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Huntsman to buy Rockwood’s pigments, additives businesses
2:47 PM MDT | October 17, 2013 | Vincent Valk
Huntsman has reached a deal to acquire Rockwood’s titanium dioxide (TiO2) pigments business, as well as certain other businesses, for $1.33 billion, including assumed pension liabilities. The other assets include color pigments and services, timber treatment chemicals, rubber and thermoplastics compounding, and water treatment chemicals. The deal is expected to close during the first half of 2014 pending regulatory approvals in Europe and the United States.
Huntsman intends to consolidate the TiO2 and pigments businesses with its own businesses in the same areas. This move would create the second-largest global TiO2 producer, after DuPont, with 16% of global capacity. Huntsman intends to spin off the consolidated pigments business in an initial public offering within two years of the deal’s close. About 51% of revenues for the combined business will be in Europe, according to Huntsman. Total TiO2 capacity of the combined business will be 905,000 m.t./year, Huntsman says.
“This acquisition provides a unique opportunity to unlock value within our pigments business and builds on the strong improvements we have made to its competitiveness. With this combination, we will be better positioned to serve customers through a broader product range including color pigments, functional additives and specialty TiO2 pigments. We will become the second-largest global producer of TiO2 and inorganic color pigments,” says Huntsman president and CEO Peter Huntsman.
The acquired businesses recorded $1.45 billion in sales during 2012, according to Rockwood. The TiO2 business, the largest of the group, accounted for two-thirds of that total, with color pigments accounting for an additional 22%. The purchase price represents 5.5 times the business’s estimated 2014 Ebitda, $200 million. The group has about 3,300 employees worldwide.
Huntsman expects the deal to be immediately accretive for earnings and to generate $130 million in annual cost savings by the end of 2015. Earnings accretion is expected to total 60 cts/share in 2014, Huntsman says. The company also expects TiO2 demand to continue to recover during that time. Huntsman has received financing for the deal from J.P.Morgan, Bank of America Merrill Lynch (Charlotte, NC), and Citibank and expects annual interest costs of around $50 million associated with this debt.
For Rockwood, the deal marks the completion of a string of divestitures that include its ceramics business and its clay-based additives business. The company has used proceeds from those deals to pay down debt and buy back shares.
“With the completion of these initiatives, Rockwood has reached a significant milestone in its eight-year history since its IPO in August 2005 and is now uniquely positioned to grow within the specialty chemical sector. We remain committed to a disciplined approach in implementing our long-term business strategy, which is to further enhance shareholder value by creating a premier global specialty chemical company with market leading positions in all of its businesses,” says Rockwood chairman and CEO Seifi Ghasemi. The deal leaves Rockwood primarily focused on lithium and surface treatment products for metals.
Laurence Alexander, an analyst with Jefferies (New York) calls the transaction “classic Huntsman: a fixer-upper of a quasicommodity with tolerance for higher leverage near term in exchange for value creation over two to three years. The key risks, in our view, are whether Huntsman can fully achieve targeted synergies and whether the TiO2 industry continues to normalize.”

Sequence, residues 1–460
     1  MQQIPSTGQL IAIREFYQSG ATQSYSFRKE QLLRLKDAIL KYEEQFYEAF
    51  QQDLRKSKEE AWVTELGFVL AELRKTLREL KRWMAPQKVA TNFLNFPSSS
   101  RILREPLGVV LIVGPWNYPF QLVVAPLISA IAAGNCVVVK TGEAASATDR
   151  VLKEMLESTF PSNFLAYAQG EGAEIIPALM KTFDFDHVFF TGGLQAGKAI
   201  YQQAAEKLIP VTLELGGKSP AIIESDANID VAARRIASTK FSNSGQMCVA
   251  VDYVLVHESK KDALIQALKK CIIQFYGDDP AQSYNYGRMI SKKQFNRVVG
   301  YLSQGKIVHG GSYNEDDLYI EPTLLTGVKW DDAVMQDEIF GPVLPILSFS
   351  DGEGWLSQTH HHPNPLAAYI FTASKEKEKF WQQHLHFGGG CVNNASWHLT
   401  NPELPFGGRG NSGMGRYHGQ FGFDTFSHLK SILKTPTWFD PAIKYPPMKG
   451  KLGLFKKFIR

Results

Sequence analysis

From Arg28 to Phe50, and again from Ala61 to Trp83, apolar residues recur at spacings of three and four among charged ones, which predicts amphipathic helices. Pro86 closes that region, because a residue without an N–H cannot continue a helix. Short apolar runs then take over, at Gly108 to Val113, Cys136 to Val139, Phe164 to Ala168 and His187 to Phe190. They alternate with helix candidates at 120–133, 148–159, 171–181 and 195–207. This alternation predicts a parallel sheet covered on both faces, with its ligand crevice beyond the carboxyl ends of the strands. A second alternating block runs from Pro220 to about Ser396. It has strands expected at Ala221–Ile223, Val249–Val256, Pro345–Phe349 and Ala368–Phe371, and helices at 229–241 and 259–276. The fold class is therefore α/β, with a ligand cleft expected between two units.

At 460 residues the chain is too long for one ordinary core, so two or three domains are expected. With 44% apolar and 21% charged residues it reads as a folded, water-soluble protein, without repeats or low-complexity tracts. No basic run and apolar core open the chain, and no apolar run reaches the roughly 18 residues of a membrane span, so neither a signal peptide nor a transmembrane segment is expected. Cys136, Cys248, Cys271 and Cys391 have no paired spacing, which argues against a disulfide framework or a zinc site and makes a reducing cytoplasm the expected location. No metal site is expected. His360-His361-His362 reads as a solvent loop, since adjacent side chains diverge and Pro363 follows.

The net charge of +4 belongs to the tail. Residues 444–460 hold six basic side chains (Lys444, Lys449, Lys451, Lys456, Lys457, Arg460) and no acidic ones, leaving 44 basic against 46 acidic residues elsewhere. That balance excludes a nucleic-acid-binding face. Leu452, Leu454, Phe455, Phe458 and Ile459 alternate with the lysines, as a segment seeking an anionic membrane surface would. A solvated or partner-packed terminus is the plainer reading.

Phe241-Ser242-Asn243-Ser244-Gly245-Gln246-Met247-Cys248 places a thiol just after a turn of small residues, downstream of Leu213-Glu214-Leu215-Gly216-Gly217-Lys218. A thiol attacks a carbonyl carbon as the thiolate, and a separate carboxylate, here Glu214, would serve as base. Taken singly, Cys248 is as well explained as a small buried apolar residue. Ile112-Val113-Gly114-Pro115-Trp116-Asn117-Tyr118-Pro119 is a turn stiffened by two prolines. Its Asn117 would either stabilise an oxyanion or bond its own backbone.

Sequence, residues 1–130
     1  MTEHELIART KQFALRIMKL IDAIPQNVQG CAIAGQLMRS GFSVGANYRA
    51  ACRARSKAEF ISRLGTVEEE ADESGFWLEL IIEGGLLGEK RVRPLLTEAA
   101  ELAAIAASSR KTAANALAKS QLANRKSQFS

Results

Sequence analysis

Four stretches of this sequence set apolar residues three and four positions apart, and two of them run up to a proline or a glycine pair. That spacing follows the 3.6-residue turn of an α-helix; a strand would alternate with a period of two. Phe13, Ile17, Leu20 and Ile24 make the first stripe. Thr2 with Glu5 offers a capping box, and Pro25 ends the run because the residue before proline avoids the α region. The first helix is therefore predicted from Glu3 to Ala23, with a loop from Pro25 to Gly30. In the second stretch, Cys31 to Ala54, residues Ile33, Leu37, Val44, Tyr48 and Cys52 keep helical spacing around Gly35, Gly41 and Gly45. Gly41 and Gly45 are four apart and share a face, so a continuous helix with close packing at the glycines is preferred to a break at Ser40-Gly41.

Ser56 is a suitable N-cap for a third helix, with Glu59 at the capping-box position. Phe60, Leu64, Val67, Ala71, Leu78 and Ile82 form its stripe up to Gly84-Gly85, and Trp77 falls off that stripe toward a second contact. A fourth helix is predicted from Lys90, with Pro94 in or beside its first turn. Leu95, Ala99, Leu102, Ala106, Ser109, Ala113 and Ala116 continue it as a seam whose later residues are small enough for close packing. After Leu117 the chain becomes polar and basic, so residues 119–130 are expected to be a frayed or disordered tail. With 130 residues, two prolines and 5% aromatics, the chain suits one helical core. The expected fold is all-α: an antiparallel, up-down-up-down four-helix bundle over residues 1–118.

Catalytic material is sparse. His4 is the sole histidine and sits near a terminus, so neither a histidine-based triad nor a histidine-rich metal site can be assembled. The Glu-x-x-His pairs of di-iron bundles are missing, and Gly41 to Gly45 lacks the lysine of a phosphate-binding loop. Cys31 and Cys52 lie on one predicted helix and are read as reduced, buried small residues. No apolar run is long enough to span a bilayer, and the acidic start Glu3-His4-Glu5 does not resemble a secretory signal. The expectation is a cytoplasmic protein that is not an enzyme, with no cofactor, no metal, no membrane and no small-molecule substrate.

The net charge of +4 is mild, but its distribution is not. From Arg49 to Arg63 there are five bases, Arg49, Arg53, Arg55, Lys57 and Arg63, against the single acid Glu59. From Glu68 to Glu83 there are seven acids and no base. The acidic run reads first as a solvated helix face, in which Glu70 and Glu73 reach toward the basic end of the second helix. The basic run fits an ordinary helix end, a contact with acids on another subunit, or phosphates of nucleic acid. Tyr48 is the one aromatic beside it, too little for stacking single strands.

The deal could have ramifications for other TiO2 mergers and acquisitions, about which a number of rumors have swirled. “We believe the market was speculating on a potential acquisition of Huntsman’s TiO2 assets by Tronox, which, based on our estimates, would have been highly earnings accretive for Tronox and valuation accretive for Huntsman,” says Hassan Ahmed, an analyst with Alembic Global Advisors (New York). “The removal of this scenario, on the margin, would be a negative for Tronox. That said, we believe the perceived negative impact of such a deal not transpiring would be offset by reiteration by Huntsman management of continued positive TiO2 fundamentals as well as the possibility of a return of capital raised by Tronox to carry out such a deal.”
Additionally, DuPont, the world’s largest TiO2 producer, is exploring a sale of its $7.2-billion performance chemicals business, slightly less than half of which is in TiO2. Financial sources say a spin-off of the business in an IPO is also possible. Rockwood had been in negotiations with private equity firms to sell TiO2 and performance additives earlier this year, but its $2-billion asking price was too high for potential acquirers, reports from that time say.
Lazard (New York) was Rockwood’s financial advisor on the deal, while Hughes, Hubbard & Reed (New York) and Willkie Farr & Gallagher (New York) acted as the company’s legal advisors. Huntsman’s financial advisor was Bank of America Merrill Lynch, and Vinson & Elkins (Houston) was the company’s legal advisor.
The TiO2 industry has been on a roller-coaster ride in recent years, with high prices in 2010 and 2011 collapsing in 2012 and 2013, highlighting the sector’s cyclicality. Operating rates have recovered in recent months and are currently somewhat short of 90%, though they remain well short of peak levels, according to Huntsman. Demand has recovered somewhat from last year’s trough. Huntsman expects demand recovery to continue, the company says. However, Wells Fargo analyst Frank Mitsch finds that “the structural issues in TiO2 will remain challenging. Given overcapaicty, we see limited room for pricing gains in the near term.”